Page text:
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invisible burden. A writer who produces grotesque fiction may not consider his characters any more freakish than other ordinary men are. O Connor noted, Whenever I m asked why Southern writers particularly have a penchant for writing about freaks, I say it is because we are still able to recognize one. To be able to recognize a freak, you have to have some conception of the whole man, and in the South the general conception of man is still, in the main, theological (Fitzgerald 44). Flannery O Connor has a way of writing about distortion without destroying the work as a whole.

Flannery O Connor s most outstanding and grotesque character is that of Hazel Motes. He is the tragic figure in O Connor s first published novel Wise Blood. Hazel s tragedy arises out of his dilemma as a man committed to his belief that is condemned to move through an uncommitted world. He is a runaway from God who is seeking to escape his divinely appointed mission. He had planned to become a preacher, but he lost his faith while in the army. Instead, he dedicates his life to anti-Christ. Most often, his first name is shortened to Haze, which suggests mist and clouds, which in turn defines his moral state. Haze is a man at war with himself and society. He assumes that the way to deny Jesus is through a life of deliberate sin. He chooses sexual impurity and open blasphemy as his sins. In the end, Haze is unable to maintain his position as Satan s envoy. When the police officer pushes his Essex over the cliff, Haze recognizes that God has at last given him a sign. Haze then returns to town and blinds himself as an act of penance for his efforts to flee from grace (Walters 43-47). The actions of Haze, such as the suffering for his sins, are striking and suggest many historic parallels. Hazel Motes is ultimately the divine paradox (Walters 60-61).

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Flannery O Connor s stories have been greatly accepted by the literary world. In a review of The Complete Stories, Time Magazine comments:

This collection brings together for the first time in one book all of Miss. O Connor s stories. Every one is good enough so that if it were the only example of her work to survive, it would be evident that the writer possessed high talent and a remarkably unclouded, unabstract, demanding intelligence. The best are among the best American short stories ever written (Paulson 129).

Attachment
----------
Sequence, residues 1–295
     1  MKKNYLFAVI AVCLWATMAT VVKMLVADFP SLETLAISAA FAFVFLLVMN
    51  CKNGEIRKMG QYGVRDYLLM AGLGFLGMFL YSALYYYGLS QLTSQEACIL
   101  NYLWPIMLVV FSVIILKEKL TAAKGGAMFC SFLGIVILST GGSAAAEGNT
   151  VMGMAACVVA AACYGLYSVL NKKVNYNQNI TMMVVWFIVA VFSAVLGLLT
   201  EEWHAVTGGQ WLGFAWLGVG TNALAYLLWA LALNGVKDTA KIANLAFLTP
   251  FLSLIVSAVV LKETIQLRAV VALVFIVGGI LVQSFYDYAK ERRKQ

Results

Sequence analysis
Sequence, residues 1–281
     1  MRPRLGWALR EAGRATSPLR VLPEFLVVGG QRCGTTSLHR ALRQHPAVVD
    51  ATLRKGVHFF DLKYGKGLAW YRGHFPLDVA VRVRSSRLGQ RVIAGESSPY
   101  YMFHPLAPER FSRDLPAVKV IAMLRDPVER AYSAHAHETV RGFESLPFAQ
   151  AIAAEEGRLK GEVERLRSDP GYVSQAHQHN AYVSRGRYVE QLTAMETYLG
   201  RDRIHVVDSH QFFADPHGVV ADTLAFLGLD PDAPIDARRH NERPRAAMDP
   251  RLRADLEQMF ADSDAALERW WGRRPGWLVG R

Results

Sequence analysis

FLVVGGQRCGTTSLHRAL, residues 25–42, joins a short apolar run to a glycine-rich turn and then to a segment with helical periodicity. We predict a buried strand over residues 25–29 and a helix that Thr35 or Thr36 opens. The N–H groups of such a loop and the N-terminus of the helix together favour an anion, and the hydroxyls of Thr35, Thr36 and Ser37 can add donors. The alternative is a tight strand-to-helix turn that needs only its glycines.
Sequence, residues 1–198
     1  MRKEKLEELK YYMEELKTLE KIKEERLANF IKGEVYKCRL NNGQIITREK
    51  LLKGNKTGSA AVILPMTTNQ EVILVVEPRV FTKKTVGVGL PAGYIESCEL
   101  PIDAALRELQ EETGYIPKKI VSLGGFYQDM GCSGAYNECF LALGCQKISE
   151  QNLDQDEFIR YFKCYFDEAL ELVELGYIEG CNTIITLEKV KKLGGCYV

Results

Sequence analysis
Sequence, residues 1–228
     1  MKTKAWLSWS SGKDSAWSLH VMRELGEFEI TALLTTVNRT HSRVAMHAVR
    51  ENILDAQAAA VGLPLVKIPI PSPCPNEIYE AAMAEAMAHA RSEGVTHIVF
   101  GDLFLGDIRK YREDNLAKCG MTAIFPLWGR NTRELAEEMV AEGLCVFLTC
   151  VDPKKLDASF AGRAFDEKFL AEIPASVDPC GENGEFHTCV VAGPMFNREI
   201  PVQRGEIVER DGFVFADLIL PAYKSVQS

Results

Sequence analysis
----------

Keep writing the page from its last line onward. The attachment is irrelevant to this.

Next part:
In Modern Critical Views: Flannery O Connor, Harold Bloom comments on O Connor s writing by saying that she would have bequeathed us even stronger novels and stories, of the eminence of Faulkner s, if she had been able to restrain her spiritual tendentiousness (8). Not all of O Connor s reviews were positive. In her short story collection A Good Man Is Hard to Find, the critics called it brutal and sarcastic. O Connor fought back by saying The stories are hard [ ] but they are hard because there is nothing harder or less sentimental than Christian realism (Polter 2). Flannery O Connor has been compared to the works of Tennessee Williams, William Faulkner, and Dostoeyevsky because of their character studies of abnormal psychology (Paulson 125). In January of 1995, the magazine Sojourners honored O Connor by focusing on her as the author of the year. The Editors described her as fiercely dedicated to fiction as an incarnational art-capable of revealing the mysterious encounter with redemption only by being true to the blood and dust, delusions and customs of the human condition (Polter 1).

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Flannery O Connor was a southern Catholic writer known for her sharp explorations of religious themes and southern racial issues through extraordinary short stories and novels. She belonged to the southern gothic tradition that focused on the decaying south and search for a fuller truth in God. Her grotesque characters serve as an example of Christ-like figures. By the time of her death at the age of 39, Flannery O Connor was recognized as one of the most gifted and original fiction writers of the 20th century. The fiction writer represents mystery through manners, grace through nature (Fitzgerald 53).